FTG also did something I totally knew she would–she got all nosy and started asking me if I’d gotten another job and where I’d be working (remember, she hardly ever speaks to me, and it’s worse than pulling teeth to get her help with anything). I didn’t tell her much–definitely didn’t tell her where I’d be working–and I’m sure she has asked others there since she didn’t get what she wanted from me.

Thank goodness I am getting away from that kind of crap–hopefully.

By the way–a couple of days after I resigned, I spoke with the guy who was hiring on behalf of Employer A. He wanted to know if I was still going to take the job, even though he couldn’t give me an exact start date. I could kind of hear in his voice when I told him no that he was surprised, kind of upset and didn’t understand why I decided not to go to work for them–even though he was still telling me they “should” be ready X day “or” Y day. If I were unemployed and could wait on that job because I didn’t have a choice, then that’d be fine. But he seriously seemed to think I would be okay with resigning my job and then sitting around not totally sure if or when I’d go to work for Employer A.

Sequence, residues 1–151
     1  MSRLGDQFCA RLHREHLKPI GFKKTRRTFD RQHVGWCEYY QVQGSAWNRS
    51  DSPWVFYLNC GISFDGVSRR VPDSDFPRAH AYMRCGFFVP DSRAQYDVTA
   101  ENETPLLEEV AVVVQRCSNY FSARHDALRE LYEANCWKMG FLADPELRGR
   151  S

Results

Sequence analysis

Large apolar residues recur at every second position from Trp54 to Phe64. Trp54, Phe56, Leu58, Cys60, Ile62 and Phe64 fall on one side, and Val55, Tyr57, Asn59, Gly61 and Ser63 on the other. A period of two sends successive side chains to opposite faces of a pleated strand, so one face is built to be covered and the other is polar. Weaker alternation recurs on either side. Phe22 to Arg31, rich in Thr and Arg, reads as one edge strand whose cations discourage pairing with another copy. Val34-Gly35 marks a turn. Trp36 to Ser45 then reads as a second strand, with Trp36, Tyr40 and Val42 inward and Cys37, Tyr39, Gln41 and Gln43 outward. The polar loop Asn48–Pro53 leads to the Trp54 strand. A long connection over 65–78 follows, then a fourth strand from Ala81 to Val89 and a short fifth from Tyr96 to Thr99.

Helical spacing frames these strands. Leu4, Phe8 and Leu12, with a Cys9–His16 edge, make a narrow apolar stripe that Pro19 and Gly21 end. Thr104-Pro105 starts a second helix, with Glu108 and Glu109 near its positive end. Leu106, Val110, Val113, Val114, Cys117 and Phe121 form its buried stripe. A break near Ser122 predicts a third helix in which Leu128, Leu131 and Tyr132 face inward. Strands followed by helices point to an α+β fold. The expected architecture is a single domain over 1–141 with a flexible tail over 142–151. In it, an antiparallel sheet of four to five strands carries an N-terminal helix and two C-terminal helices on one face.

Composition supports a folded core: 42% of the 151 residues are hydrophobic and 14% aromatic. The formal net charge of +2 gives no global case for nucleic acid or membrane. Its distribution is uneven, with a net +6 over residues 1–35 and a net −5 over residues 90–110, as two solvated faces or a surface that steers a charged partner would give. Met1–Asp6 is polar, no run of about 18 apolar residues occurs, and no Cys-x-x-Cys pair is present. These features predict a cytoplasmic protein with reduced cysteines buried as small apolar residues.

Tagged , , , , , , , , , , , , , , , ,